Then on Saturday, I found myself with a couple of hours from heaven so I decided to get out and go exploring. It was already past noon so it had to be local. But I didn't have an appetite for familiar local. I wanted new local.
As I started looking at maps, Towsley Canyon, the place I had dismissed and eschewed for all of these years, jumped out at me. It was local. It was new. And it was short. Bam! I grabbed my pack, jumped in the car, and headed out.
Towsley Canyon is one of several units that comprise the Santa Clarita Woodlands Park. The other component units are (1) Pico Canyon, (2) East and Rice Canyon, (3) the Michael D. Antonovich Open Space, and (4) O'Melveny Park. In addition to a 6 mile loop trail, Towsley Canyon is home to Ed Davis Park and the Towsley Lodge, an old Spanish-style ranch house that can be reserved for private functions.
The trail through Towsley Canyon begins as a poor asphalt road in the parking area immediately off of The Old Road. Actually, that description is somewhat confusing as there are 3 parking areas immediately west of The Old Road: one along the shoulder of The Old Road, a larger and more official looking one just as you enter the park, and then a third small weird lot still further in. The first two parking areas are free; the third one costs $7. Unsurprisingly, no one parks in the small, weird area for which you have the privilege of paying $7 to avoid walking an extra 0.10 miles.
The road into the park leisurely winds its way through the canyon bottoms for about 0.50 miles to Ed Davis Park. There, the Don Mullally trails splits off from the main road, ascends the southern slope of the canyon, and then drops into adjacent Wiley Canyon.
Continuing up Towsley, the asphalt disappears and the road slowly begins to narrow eventually becoming a foot path. As the trail constricts so too do the canyon walls which began to close in around you. Here, you enter the Narrows where the geology becomes interesting as the trail passes through the Pico Anticline. The canyon is well shaded along this stretch and is bounded by intermittent Towsley Creek.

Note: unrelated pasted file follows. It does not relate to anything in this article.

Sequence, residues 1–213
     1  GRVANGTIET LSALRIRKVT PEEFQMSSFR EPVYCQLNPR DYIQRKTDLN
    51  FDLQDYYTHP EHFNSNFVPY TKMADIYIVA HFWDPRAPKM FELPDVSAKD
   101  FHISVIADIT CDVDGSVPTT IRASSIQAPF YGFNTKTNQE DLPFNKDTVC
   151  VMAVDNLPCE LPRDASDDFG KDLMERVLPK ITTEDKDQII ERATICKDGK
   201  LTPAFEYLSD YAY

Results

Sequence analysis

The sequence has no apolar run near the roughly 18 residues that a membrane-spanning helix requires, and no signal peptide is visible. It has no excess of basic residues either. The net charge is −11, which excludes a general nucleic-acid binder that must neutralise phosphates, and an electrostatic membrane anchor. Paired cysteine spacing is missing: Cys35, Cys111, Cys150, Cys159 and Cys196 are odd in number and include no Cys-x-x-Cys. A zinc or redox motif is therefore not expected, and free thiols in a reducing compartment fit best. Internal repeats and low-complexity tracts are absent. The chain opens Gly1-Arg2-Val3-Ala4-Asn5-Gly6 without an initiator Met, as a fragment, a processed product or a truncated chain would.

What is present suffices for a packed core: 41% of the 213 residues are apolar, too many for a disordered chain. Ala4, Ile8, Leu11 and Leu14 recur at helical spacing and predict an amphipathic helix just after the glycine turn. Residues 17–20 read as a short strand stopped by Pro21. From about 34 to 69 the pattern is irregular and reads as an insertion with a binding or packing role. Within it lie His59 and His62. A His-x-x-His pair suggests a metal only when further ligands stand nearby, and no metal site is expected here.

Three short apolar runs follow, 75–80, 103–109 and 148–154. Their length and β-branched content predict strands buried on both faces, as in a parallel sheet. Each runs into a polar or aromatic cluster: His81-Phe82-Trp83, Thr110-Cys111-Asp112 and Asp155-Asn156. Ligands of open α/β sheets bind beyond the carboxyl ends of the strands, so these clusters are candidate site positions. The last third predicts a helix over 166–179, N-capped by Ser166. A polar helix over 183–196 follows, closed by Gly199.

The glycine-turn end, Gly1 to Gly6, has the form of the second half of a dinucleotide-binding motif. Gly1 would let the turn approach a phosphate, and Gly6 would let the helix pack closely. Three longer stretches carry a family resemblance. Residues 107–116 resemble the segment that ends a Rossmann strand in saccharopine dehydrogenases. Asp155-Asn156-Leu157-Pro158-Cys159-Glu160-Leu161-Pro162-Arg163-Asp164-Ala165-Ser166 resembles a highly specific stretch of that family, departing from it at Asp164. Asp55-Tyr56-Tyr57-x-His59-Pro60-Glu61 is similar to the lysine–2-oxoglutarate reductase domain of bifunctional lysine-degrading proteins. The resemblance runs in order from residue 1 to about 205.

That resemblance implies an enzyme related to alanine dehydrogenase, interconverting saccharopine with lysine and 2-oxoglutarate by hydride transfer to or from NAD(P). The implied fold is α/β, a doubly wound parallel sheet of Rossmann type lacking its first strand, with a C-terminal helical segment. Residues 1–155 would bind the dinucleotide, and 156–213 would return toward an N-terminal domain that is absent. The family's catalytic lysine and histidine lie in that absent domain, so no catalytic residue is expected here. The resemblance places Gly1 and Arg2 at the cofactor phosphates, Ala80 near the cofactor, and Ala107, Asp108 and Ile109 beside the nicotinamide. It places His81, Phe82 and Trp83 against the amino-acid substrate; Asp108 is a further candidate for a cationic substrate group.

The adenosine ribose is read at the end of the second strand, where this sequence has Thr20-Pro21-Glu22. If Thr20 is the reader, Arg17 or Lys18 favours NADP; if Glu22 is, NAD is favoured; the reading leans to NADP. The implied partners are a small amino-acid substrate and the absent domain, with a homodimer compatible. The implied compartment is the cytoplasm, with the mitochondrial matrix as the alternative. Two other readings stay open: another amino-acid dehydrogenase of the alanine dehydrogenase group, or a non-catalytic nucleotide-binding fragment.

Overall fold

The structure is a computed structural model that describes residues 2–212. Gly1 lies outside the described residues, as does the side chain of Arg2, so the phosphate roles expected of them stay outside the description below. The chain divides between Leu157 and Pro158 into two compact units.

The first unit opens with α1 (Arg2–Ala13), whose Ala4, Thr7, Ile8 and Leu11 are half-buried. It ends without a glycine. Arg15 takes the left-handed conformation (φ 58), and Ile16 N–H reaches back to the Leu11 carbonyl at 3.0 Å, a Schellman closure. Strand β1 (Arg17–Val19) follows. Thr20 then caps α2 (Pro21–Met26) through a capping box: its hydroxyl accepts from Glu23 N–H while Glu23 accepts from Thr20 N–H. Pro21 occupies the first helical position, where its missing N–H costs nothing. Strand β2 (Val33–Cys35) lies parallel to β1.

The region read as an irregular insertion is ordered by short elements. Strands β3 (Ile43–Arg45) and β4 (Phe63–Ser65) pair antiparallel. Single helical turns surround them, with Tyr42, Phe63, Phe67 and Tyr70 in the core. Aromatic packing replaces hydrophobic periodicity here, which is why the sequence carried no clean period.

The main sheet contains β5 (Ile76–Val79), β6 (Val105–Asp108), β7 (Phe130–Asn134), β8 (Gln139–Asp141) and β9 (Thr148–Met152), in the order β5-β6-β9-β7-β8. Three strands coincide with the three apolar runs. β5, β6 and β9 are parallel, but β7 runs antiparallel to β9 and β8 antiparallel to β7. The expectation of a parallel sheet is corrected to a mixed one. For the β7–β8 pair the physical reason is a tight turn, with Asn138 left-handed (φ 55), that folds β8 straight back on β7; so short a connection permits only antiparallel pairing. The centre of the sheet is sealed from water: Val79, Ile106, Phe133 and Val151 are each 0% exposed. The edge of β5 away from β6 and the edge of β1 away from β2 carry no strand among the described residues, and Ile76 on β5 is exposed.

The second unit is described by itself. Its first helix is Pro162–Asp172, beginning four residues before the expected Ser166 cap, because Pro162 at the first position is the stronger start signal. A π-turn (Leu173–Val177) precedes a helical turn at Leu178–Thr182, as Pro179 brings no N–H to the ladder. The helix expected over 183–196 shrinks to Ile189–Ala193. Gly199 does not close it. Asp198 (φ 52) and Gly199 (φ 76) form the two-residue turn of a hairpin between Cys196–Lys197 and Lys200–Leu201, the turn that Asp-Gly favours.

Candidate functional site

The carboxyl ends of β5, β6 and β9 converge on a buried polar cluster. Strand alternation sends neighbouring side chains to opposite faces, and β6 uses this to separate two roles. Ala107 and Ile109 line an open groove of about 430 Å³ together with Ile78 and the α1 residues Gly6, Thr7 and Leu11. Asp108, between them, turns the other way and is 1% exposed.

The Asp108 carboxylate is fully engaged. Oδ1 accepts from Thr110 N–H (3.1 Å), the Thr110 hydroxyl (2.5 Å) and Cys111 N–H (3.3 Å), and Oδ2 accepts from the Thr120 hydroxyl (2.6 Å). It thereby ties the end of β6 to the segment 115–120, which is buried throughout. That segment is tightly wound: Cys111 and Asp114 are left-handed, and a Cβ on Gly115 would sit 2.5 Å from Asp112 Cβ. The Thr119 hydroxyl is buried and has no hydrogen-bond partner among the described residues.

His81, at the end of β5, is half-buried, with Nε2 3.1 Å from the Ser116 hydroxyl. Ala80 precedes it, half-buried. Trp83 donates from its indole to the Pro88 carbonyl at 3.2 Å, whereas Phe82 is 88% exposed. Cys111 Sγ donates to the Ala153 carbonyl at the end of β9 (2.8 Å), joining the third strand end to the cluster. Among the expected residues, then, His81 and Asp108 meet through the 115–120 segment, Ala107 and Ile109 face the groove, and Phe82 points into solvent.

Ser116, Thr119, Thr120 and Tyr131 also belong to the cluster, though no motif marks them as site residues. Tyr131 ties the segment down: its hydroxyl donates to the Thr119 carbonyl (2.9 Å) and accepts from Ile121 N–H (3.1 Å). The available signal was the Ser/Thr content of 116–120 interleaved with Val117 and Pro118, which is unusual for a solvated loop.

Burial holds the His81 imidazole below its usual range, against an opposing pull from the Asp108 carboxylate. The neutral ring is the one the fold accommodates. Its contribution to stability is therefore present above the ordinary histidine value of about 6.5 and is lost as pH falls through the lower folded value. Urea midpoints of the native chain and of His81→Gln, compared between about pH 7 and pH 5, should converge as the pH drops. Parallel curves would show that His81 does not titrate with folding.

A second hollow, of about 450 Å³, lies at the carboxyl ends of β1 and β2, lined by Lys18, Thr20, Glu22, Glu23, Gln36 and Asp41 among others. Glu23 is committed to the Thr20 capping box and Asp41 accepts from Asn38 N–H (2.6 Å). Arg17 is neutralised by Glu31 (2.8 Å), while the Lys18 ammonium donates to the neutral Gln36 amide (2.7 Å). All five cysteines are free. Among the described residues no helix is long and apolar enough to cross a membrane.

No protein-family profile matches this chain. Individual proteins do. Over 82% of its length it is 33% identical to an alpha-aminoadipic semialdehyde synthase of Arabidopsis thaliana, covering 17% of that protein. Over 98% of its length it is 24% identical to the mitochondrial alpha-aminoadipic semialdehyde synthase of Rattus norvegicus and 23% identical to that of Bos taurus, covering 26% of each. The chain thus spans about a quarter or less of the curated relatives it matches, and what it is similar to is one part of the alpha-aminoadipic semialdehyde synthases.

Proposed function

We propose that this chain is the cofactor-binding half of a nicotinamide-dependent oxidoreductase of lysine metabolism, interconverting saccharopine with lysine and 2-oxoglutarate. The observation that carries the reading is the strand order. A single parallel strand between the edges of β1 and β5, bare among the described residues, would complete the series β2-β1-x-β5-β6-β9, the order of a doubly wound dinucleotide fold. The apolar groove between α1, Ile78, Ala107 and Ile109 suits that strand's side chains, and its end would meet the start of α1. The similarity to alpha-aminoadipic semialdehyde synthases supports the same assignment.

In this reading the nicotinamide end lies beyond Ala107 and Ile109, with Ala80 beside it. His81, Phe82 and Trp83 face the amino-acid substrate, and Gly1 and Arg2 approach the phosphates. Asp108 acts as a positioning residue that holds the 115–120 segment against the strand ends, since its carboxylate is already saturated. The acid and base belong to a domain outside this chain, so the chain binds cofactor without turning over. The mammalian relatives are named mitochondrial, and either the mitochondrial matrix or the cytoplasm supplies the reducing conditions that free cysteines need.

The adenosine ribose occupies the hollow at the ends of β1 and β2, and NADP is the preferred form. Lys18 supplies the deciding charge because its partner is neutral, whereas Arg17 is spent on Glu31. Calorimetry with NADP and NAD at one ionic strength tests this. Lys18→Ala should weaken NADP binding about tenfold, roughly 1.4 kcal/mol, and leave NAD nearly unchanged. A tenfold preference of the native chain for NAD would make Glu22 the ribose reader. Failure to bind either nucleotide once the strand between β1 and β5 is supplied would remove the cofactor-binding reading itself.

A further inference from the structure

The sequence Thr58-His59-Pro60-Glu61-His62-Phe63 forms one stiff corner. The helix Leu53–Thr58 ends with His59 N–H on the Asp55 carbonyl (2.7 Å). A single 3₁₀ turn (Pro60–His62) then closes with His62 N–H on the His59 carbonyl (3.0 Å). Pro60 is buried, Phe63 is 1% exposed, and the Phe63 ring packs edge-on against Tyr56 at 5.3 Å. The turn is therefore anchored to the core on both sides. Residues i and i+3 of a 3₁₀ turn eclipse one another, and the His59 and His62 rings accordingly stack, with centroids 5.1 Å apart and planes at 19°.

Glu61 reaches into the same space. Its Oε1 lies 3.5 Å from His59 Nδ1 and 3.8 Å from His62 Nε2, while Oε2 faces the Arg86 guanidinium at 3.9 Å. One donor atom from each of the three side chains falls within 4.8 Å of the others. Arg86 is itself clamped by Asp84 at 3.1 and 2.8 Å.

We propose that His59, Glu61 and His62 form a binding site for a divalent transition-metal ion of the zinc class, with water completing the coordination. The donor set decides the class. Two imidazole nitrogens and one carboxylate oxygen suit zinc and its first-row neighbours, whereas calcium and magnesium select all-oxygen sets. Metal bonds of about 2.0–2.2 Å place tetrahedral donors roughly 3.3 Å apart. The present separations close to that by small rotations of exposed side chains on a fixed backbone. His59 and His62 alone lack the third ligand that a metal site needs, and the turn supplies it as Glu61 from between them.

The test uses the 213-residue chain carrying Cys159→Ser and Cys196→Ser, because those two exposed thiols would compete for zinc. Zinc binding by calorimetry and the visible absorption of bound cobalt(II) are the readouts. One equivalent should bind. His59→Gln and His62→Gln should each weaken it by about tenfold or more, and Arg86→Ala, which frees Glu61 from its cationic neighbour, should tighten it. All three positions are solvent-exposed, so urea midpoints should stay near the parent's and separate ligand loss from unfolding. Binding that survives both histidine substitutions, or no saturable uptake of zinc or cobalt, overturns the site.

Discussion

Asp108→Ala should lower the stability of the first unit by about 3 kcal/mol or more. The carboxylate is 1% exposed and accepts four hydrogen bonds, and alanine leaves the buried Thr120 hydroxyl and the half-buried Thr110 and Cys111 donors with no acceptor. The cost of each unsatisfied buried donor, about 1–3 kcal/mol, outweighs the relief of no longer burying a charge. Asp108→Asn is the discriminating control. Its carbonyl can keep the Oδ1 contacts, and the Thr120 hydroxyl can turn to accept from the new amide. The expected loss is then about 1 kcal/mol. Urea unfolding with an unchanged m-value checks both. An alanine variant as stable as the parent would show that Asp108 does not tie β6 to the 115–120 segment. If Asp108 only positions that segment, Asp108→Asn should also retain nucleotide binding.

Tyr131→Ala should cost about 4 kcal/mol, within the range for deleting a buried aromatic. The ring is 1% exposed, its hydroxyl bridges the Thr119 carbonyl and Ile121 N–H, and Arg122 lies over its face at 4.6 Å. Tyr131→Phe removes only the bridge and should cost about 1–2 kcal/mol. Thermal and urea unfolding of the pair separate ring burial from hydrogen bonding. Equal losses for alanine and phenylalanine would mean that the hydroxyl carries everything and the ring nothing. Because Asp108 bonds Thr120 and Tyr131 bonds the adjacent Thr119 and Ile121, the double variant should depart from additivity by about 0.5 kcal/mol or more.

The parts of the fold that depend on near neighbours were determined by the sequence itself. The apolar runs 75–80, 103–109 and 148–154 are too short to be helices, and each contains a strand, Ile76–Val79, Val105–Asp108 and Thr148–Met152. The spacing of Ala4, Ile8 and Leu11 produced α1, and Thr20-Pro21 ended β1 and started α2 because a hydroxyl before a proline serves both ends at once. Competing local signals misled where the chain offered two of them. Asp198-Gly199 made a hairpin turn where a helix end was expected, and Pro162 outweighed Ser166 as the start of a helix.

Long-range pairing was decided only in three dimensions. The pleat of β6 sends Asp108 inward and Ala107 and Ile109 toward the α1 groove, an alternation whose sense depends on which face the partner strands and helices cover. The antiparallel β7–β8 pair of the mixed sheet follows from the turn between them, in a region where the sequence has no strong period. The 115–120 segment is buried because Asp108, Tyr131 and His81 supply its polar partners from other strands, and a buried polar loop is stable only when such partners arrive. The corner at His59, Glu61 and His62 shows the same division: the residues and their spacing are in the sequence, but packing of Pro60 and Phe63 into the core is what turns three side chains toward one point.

|Towsley Canyon Narrows|
|Leaving the Narrows|
|View Back Through the Narrows|
I stuck to the main trail this day, although the "unofficial" path looked intriguing. I'll have to save that option in my memory banks and return to have a look in the future. As for the official trail, it continues to switch-back up to the top of the ridge, passing a messy oil seep along the way and affording really nice views north to the Santa Clarita Valley and beyond. Once you achieve the ridge, there are a couple of places to put down for a bit while you admire the fine scenery, including a flat with a couple of majestic Coastal Live Oak trees.
Beyond the ridge, the trail starts an incremental descent into the cool and shade of Wiley Canyon. The day I was there, the look and feel of autumn was in the air. Once at the canyon bottom, the trail (which gradually widens into a fire road as you descend and track east) follows a creek bed that carries the occasional whiff of seeping oil. Further down canyon, the trail intersects the Don Mullally Trail that track north, crosses the ridge again, and deposits you back into Towsley Canyon at Ed Davis Park where an ample lawn and multiple picnic tables greet you.
|Looking Into Towsley Canyon from the Don Mullally Trail|
|View Across Towsley Canyon from the Don Mullally Trail|
|View North from the Crest|
|Santa Clarita and Beyond|
|Coast Live Oak|
Now that I've been to Towsley Canyon, I have to say that I was pleasantly surprised. It's kind of a cool place. For an urban hike, it offers much more than I expected and certainly more than its unattractive location immediately off the I-5 would suggest.
|Fall Colors in Wiley Canyon|
|Interesting Rock Formations in Wiley Canyon|
|View Into Towsley Canyon from the Bill Mulally Connector Trail|
|Ed Davis Park in Lower Towsley Canyon|
Man that's a dry and clinical write-up. Apologies. I'll try to do better next time.